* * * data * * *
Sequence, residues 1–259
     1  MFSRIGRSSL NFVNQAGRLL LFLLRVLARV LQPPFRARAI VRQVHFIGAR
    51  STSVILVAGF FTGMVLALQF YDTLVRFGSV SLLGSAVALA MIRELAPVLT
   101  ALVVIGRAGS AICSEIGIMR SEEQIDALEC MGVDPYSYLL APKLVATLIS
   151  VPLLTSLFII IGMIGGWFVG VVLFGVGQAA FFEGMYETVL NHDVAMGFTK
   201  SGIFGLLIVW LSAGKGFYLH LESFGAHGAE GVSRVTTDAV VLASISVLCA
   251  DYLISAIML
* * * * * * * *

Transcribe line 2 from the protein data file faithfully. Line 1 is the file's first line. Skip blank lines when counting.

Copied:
     1  MFSRIGRSSL NFVNQAGRLL LFLLRVLARV LQPPFRARAI VRQVHFIGAR